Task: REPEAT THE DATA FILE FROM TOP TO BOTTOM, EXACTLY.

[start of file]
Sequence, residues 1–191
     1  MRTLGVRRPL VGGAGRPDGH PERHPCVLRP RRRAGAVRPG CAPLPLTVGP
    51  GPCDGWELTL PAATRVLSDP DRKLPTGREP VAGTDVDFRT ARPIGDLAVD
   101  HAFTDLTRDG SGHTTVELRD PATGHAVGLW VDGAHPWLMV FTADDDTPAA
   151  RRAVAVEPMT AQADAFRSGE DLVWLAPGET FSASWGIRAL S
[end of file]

Sequence, residues 1–191
     1  MRTLGVRRPL VGGAGRPDGH PERHPCVLRP RRRAGAVRPG CAPLPLTVGP
    51  GPCDGWELTL PAATRVLSDP DRKLPTGREP VAGTDVDFRT ARPIGDLAVD
   101  HAFTDLTRDG SGHTTVELRD PATGHAVGLW VDGAHPWLMV FTADDDTPAA
   151  RRAVAVEPMT AQADAFRSGE DLVWLAPGET FSASWGIRAL S